By Adam Robinson
Transportation Management Systems and Collaboration: How a TMS Creates a Network Effect
A common issue in today’s world of e-commerce and increasing trade resides within TMS and collaboration.
TMS and collaboration is the way supply chains work together and communicate with their partners, suppliers, customers, distributors, and everyone in between.
Ineffective TMS and collaboration will effectively result in problems further down the line, and in the case of e-commerce orders, customers may not receive their products on time, if at all.
Fortunately, the implementation of a TMS can provide the jolt of energy and accuracy necessary to achieve optimum results and responsiveness from your supply chain.
This is possible through its creation of a network effect, and shippers need to understand how this effect is realized.
What’s Wrong with TMS and Collaboration and Efficiency Today?
As explained by an older Material Handling & Logistics’ article, the biggest challenge for shippers today is understanding and buying into the network effect.
Although this sentiment dates to 2006, it continues as Amazon relentlessly stares down every retailer on the planet. The best-laid systems in the world will lack value if they do not leverage TMS and collaboration.
Shippers may fail to populate the correct data within the system, and carriers may rely on outdated information to generate freight quotes. Additional problems with poor collaboration and efficiency include:
Inability to aggregate and share data
An unwillingness to relinquish control over data ownership
Poor visibility into the use of various logistics modes
Reliance on outdated systems or processes to manage logistics
The list only grows longer as these problems result in compounding consequences for supply chain management.
New Technology Stimulates TMS and Collaboration
The introduction of new technology in logistics is not a new concept. Improvements in supply chain management have come out to everyday operations and insight from individual companies.
The rise of cloud computing software offered the promise of cheaper, faster access to the power of a TMS, and ongoing technological development, such as the development of smart sensors within ocean shipping containers, contribute to more information that shippers can leverage.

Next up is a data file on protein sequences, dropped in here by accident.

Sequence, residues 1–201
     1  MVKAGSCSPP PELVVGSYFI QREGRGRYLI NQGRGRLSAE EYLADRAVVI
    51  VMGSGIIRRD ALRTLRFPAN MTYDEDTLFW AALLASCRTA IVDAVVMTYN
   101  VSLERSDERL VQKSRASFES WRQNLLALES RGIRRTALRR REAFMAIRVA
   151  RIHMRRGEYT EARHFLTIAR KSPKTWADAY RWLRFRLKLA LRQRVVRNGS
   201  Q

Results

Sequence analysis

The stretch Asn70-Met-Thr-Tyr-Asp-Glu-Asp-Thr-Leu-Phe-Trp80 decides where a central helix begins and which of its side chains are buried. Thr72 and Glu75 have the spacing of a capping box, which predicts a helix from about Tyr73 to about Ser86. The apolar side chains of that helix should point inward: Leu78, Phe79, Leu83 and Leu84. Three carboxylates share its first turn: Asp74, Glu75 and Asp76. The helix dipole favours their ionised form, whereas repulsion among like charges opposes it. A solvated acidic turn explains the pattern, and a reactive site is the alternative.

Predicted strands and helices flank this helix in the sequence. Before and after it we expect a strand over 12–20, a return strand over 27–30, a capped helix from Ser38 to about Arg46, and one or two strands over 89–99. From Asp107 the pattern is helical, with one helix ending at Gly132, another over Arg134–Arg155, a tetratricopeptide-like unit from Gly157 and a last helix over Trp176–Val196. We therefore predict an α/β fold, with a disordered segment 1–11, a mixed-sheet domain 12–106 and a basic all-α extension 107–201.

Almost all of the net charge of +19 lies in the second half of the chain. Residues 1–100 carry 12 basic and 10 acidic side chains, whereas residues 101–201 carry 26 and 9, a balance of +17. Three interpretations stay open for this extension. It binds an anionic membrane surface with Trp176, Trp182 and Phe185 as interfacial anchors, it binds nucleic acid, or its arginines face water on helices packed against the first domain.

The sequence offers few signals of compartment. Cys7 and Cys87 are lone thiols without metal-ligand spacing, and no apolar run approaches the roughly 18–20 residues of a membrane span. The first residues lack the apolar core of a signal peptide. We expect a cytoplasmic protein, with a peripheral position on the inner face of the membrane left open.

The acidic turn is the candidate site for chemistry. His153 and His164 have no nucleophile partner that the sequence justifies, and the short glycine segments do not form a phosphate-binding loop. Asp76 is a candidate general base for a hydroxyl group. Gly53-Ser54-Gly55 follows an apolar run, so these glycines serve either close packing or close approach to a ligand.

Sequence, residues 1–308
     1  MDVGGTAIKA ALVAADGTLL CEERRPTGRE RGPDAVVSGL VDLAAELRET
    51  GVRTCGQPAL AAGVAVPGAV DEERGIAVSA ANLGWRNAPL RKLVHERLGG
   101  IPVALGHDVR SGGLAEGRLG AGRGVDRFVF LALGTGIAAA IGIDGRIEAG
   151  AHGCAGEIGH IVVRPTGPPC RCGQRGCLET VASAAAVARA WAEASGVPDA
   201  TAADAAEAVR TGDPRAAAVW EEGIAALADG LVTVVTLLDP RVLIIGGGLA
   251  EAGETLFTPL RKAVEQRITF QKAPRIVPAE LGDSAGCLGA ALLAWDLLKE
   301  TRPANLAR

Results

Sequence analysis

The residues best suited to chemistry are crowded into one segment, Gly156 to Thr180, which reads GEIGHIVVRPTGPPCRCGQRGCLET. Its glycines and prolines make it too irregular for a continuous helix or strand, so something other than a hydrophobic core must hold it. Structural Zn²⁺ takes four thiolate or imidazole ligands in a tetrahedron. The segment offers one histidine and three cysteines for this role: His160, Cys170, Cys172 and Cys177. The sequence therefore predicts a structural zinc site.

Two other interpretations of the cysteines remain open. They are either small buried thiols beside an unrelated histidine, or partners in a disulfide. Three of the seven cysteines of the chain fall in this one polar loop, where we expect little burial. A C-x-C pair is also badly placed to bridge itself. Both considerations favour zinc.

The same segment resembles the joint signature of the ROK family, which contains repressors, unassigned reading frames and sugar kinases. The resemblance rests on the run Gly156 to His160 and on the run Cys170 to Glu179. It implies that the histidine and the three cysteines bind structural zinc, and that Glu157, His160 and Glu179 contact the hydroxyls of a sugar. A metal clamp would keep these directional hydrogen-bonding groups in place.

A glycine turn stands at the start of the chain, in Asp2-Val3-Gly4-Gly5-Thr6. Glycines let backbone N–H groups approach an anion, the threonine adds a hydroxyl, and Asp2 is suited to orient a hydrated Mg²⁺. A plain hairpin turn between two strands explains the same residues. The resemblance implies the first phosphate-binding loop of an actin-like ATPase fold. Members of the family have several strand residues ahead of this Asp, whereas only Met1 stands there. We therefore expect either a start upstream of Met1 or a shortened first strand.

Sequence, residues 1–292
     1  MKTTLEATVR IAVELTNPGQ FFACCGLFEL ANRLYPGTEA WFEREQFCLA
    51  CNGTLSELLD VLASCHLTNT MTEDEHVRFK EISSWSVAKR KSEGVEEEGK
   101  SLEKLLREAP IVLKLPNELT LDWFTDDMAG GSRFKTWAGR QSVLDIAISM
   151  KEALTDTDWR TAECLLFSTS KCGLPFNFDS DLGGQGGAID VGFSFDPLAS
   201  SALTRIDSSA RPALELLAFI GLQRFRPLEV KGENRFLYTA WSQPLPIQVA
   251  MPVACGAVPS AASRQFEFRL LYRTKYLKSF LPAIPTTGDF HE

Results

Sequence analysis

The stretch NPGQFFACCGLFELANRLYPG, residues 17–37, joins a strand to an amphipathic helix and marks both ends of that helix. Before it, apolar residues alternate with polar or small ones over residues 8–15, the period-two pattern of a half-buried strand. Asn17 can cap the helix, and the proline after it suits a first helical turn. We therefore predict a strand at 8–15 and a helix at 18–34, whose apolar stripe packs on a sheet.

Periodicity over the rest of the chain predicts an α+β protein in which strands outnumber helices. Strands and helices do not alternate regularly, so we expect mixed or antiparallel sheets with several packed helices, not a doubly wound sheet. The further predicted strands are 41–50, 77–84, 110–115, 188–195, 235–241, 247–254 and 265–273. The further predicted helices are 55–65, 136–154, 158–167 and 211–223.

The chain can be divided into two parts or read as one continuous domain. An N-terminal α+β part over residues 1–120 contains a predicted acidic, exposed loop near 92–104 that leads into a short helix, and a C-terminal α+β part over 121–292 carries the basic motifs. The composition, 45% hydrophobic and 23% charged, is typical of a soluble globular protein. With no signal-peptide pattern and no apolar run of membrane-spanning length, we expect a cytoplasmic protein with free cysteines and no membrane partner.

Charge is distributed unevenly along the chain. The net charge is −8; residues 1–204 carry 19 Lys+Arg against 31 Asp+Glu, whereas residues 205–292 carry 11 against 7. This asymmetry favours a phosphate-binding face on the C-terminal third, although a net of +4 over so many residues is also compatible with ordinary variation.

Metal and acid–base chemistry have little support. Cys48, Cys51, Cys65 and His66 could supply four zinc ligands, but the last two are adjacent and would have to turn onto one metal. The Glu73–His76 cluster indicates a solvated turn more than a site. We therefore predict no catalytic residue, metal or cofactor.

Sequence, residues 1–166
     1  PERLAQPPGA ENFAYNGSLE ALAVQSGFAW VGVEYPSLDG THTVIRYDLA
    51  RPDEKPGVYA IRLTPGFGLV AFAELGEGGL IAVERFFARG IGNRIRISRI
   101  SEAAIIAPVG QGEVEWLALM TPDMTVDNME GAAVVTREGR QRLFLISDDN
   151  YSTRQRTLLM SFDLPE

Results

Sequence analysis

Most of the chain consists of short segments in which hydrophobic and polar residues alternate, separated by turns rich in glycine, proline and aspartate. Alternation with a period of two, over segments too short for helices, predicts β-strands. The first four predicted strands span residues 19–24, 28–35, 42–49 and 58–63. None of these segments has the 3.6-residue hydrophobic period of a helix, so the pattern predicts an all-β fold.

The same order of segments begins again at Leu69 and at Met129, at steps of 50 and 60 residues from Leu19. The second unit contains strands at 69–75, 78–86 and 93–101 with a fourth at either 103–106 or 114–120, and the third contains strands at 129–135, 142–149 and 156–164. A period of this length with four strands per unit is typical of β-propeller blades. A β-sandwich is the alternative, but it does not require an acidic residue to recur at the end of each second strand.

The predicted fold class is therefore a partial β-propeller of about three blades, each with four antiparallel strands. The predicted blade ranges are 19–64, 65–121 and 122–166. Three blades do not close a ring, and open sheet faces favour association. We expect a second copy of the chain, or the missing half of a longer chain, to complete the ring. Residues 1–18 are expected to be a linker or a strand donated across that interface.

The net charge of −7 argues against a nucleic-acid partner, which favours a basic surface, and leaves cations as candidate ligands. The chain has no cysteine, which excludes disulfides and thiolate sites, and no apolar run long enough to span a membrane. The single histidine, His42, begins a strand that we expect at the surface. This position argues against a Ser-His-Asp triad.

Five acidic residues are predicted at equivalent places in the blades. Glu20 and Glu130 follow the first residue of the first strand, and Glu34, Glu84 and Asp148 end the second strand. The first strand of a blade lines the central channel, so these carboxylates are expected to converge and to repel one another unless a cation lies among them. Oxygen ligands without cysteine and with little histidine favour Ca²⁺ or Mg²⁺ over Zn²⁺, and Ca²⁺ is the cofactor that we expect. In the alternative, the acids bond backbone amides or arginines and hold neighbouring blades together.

The same example applies to the rise of electronic logging device (ELD) legislation, and the ability to provide complete insight and traceability into a truckers’ movements strengthen the cause for ELD.
Within a few short years, the ELD mandate had taken effect, and shippers across the country realize the benefits of improved visibility into transportation.
Of course, the implementation of the ELD mandate did contribute to tighter capacity and out-of-service designations. However, its overarching benefits outweigh the damages.
How a TMS Creates a Network Effect
A network effect refers to the compounding effects within an established network that derive from a single improvement. In other words, an improvement in one activity that results in improvements throughout the remainder of the day’s events.
Creating the most straightforward example would be waking up on the right side of the bed, and the rest of your day falling into place.
Implementing a TMS has this effect on your supply chain network. It eliminates the uncertainty and areas that may occur when performing your internal process, such as shipment tendering or selecting the right degree of cargo insurance.
Since your information resides within the TMS, which releases information to appropriate carriers and other relevant supply chain entities, risk decreases.
Furthermore, subsequent supply chain operations receive a boost in efficiency resulting from improved planning on your part. A TMS furthers the collaboration among shippers, carriers, logistics service providers, freight forwarders, freight brokers, and other supply chain entities.